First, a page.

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Because of Japanese culture, I'm guessing this is pretty important to know, and I really don't want to risk offending anyone. I mean obviously in English we have,

Elderly, Old people, Senior, Pensioner, OAP, and obviously some offensive terms too which I'm sure you know

They're all appropriate in different circumstances and I was hoping someone could help me differentiate this with the Japanese terms.

I've heard these before:

老人、 年寄り、 I believe I've also heard お年寄り、 高齢者、 Then of course、 くそばばあ、 くそじじい Which are pretty obviously offensive terms.

Does it depend who you're talking to or how generally you're talking?

If you could give me some insight into the appropriate situations for use of these or any others you've heard, I'd appreciate it a lot!

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  • Don't forget 年配.
    – istrasci
    Dec 29 '20 at 18:08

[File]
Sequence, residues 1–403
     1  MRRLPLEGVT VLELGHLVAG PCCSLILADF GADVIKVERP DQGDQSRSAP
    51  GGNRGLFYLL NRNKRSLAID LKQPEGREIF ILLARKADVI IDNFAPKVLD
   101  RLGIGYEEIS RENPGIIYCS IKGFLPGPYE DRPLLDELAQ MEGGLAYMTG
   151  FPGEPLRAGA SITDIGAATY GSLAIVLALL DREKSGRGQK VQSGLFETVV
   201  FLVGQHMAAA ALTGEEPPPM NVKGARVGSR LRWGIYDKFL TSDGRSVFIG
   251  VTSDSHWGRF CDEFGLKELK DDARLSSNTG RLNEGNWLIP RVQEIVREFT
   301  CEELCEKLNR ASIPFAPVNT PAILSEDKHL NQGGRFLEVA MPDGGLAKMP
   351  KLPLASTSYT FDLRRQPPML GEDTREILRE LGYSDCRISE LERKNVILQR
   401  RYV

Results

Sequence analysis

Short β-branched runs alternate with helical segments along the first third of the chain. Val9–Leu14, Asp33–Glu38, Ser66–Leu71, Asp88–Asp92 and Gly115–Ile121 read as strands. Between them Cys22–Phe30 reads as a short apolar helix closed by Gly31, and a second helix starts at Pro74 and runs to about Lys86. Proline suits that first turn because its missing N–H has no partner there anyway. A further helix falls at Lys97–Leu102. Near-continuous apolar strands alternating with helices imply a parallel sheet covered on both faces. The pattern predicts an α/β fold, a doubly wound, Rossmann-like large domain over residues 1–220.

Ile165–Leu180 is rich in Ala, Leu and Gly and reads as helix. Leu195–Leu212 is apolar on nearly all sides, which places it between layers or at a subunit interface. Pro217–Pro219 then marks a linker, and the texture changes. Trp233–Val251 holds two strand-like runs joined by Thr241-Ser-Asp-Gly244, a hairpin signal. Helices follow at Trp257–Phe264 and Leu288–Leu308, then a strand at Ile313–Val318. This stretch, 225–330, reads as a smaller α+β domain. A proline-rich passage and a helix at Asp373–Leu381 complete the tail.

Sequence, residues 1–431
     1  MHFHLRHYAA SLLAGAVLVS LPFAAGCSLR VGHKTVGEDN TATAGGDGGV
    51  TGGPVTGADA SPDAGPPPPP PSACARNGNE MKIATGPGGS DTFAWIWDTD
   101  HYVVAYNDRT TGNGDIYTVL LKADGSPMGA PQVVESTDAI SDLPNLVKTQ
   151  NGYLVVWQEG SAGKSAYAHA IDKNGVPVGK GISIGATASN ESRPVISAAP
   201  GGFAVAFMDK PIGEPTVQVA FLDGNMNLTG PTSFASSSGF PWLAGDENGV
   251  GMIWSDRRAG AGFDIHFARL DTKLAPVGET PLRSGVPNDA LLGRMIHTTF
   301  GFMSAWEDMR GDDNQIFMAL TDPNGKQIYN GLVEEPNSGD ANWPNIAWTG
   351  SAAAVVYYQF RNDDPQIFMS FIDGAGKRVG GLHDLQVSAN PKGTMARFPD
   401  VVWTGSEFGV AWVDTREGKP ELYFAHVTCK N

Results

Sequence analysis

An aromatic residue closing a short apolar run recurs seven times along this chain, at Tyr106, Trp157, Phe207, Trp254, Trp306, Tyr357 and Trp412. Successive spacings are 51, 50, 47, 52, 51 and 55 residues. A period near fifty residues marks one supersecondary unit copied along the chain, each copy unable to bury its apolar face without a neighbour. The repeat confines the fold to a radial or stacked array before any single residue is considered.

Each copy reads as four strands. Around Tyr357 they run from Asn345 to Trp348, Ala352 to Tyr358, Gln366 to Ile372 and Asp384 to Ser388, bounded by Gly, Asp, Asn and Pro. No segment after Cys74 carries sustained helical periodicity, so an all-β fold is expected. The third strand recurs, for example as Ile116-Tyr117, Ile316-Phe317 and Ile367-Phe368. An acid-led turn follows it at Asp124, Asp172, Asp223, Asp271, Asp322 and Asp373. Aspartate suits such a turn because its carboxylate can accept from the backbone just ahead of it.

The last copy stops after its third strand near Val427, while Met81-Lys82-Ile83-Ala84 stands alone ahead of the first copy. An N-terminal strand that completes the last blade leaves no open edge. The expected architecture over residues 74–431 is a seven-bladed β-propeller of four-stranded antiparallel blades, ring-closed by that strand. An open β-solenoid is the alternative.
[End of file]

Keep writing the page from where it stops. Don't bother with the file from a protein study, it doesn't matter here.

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The following four words would be enough (listed in the descending order of importance):

  • お年寄り: Polite and safe. This is the first word Japanese children learn to politely refer to elderly people.
  • 高齢者: Formal and stiff. Suitable in news articles, government documents, academic articles, etc.
  • ご年配【ねんぱい】の方: Even politer and more courteous than お年寄り.
  • ご老人: Respectful, but used mainly in samurai dramas.

Note that you must never forget to add お/ご. Addressing an old person as 年寄り or 老人 can be highly blunt and rude.

See also:

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